Friday, August 14, 2009

howwwzattt... excuse us!!!

This piece was taken from MAS Engineering & Maintenance Portal. Scroll down for the last paragraph for a better picture.

The Kota Kinabalu-Sibu route is exclusive to the operator of Rural Air Services (RAS) because AirAsia requested for routes exclusivity when its subsidiary, FAX operated the RAS.

MASwings Managing Director, Mohd Salleh Tabrani said AirAsia demanded for exclusive rights to almost all of the air routes within and intra Sabah and Sarawak including the Kota Kinabalu-Sibu route during the domestic rationalisation.

“Under the domestic rationalization exercise in March 2006, Malaysia Airlines was asked to give up the RAS operations and pass them to AirAsia. This included the right to offer services between Kota Kinabalu and Sibu.

“Only AirAsia's subsidiary, FAX had the exclusive rights to ply these routes."

"As such, there is absolutely no truth to AirAsia's allegation that we forced them out of the Kota Kinabalu-Sibu route."

“We are merely following the RAS Agreement that is in place. For AirAsia to fly on the route is a breach of the RAS Agreement, the same privileges enjoyed by FAX,” he also said.

The RAS Agreement covers exclusivity of the routes in Sabah and Sarawak whereby the airline operating the routes is given the first right of refusal in the event that the government wants to open up additional routes in Sabah and Sarawak.

Salleh added, "AirAsia was given the choice to operate in 2006, got more subsidy than MASwings for the same scope of air services, quickly surrendered the RAS back to MAS when they realised how unprofitable the routes were and have now decided they want to cherry pick and operate only on profitable routes."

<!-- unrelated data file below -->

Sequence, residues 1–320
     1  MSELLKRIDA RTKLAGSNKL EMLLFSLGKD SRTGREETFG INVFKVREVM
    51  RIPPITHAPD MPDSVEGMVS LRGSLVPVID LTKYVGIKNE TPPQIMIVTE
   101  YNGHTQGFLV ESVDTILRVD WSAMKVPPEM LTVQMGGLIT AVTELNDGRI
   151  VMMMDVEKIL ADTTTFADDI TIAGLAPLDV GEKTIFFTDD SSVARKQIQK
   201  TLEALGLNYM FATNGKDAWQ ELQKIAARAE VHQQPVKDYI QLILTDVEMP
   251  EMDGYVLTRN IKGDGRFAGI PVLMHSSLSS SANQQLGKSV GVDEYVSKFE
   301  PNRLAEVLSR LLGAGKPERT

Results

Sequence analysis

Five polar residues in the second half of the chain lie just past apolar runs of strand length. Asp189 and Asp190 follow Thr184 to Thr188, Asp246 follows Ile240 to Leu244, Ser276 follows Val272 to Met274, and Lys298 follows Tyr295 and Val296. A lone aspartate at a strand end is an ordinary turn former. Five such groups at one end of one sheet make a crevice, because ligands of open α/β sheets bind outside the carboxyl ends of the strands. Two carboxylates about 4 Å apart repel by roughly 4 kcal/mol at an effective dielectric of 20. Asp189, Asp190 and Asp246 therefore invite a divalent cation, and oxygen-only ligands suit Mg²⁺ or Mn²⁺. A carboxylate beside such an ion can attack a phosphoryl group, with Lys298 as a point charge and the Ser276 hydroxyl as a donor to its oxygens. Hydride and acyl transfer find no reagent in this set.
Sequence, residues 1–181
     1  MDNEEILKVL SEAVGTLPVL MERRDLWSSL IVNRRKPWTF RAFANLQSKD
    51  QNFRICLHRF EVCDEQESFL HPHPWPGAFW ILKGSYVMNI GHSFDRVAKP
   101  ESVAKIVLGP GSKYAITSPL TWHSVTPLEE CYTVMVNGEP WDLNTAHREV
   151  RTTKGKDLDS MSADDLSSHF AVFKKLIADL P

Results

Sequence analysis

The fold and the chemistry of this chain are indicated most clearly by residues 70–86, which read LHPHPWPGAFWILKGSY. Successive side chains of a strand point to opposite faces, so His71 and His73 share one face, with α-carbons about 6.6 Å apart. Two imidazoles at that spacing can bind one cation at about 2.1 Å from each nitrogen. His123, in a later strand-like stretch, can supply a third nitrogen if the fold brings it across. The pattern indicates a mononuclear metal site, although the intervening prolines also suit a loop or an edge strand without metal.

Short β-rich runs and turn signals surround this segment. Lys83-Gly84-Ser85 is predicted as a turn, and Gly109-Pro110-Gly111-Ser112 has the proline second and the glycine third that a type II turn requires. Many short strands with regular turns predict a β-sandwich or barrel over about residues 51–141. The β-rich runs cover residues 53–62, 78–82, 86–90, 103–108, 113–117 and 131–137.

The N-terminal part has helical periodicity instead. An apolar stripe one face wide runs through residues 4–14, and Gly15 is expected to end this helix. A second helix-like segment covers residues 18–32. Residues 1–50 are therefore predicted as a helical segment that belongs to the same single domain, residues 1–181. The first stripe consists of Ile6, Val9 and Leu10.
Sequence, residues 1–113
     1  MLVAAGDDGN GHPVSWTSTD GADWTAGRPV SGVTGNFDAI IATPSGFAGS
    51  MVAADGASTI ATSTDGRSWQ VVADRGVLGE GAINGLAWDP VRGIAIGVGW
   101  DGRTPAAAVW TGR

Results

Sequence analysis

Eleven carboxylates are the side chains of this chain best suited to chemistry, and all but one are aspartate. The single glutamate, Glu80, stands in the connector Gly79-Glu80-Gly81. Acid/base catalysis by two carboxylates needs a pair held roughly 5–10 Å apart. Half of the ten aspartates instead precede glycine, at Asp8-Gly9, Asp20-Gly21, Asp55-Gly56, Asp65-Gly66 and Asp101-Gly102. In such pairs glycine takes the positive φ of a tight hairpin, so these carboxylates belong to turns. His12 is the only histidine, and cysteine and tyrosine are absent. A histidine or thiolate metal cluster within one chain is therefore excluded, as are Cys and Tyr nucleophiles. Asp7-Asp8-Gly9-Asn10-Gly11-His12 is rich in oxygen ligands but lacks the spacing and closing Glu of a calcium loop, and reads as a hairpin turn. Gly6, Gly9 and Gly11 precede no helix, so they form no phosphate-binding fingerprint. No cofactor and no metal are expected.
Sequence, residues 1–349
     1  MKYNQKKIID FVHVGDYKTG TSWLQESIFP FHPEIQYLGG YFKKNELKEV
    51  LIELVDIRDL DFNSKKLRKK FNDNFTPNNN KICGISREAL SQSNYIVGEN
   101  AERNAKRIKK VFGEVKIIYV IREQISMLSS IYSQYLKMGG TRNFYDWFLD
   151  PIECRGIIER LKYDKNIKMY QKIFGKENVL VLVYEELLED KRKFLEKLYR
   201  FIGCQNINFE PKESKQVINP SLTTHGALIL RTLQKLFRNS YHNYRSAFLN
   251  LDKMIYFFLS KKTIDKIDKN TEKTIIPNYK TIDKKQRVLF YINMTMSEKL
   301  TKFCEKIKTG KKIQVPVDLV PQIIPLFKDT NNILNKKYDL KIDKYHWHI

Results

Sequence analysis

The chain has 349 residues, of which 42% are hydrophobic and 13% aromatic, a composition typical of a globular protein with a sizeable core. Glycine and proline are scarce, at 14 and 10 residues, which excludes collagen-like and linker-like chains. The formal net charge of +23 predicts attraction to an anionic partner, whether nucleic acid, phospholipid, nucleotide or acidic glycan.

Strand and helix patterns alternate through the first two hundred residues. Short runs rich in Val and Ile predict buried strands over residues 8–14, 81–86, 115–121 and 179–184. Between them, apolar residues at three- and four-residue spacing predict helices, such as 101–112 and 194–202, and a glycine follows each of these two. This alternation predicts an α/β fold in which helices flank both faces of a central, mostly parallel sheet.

“This is not acceptable as taxpayers' money is involved. We cross subsidise profitable routes such as Kota Kinabalu-Sibu with other unprofitable routes. By doing this, we save the taxpayers' money as MASwings’ P&L is borne by the government".

In the event that changes are made to the RAS Agreement, MASwings would need to review the commitment it has given to the government. The current commitment is an annual subsidy of well below 50% of what was paid to FAX.

“In the event of the removal of selected routes from the RAS Agreement, a higher subsidy may have to be paid to MASwings,” he said.

AirAsia, through FAX, took over RAS from MAS in 2006. Just 13 months later, MAS was asked to take back the RAS operations and has since been operating these routes under MASwings. Initially, RAS in the context of MAS was designated for air services using Twin Otter aircraft. When the Malaysian government gave RAS to AirAsia, it was with an expanded scope and covers all “propeller operated services”.

The separation was done on 1 August 2006. As a result, MAS had to retrench hundreds of long serving staff in Sabah and Sarawak under a Mutual Separation Scheme. MAS also handed over 7 Fokker 50 and 5 Twin Otter aircraft to FAX in excellent flying conditions.

“When MASwings resumed the RAS operations on 1 October 2007, 50% of the 7 Fokker 50 and 6 Twin Otter aircraft were not airworthy. As a result, we incurred about RM36 million to restore these aircraft back to operational conditions,” said Salleh.

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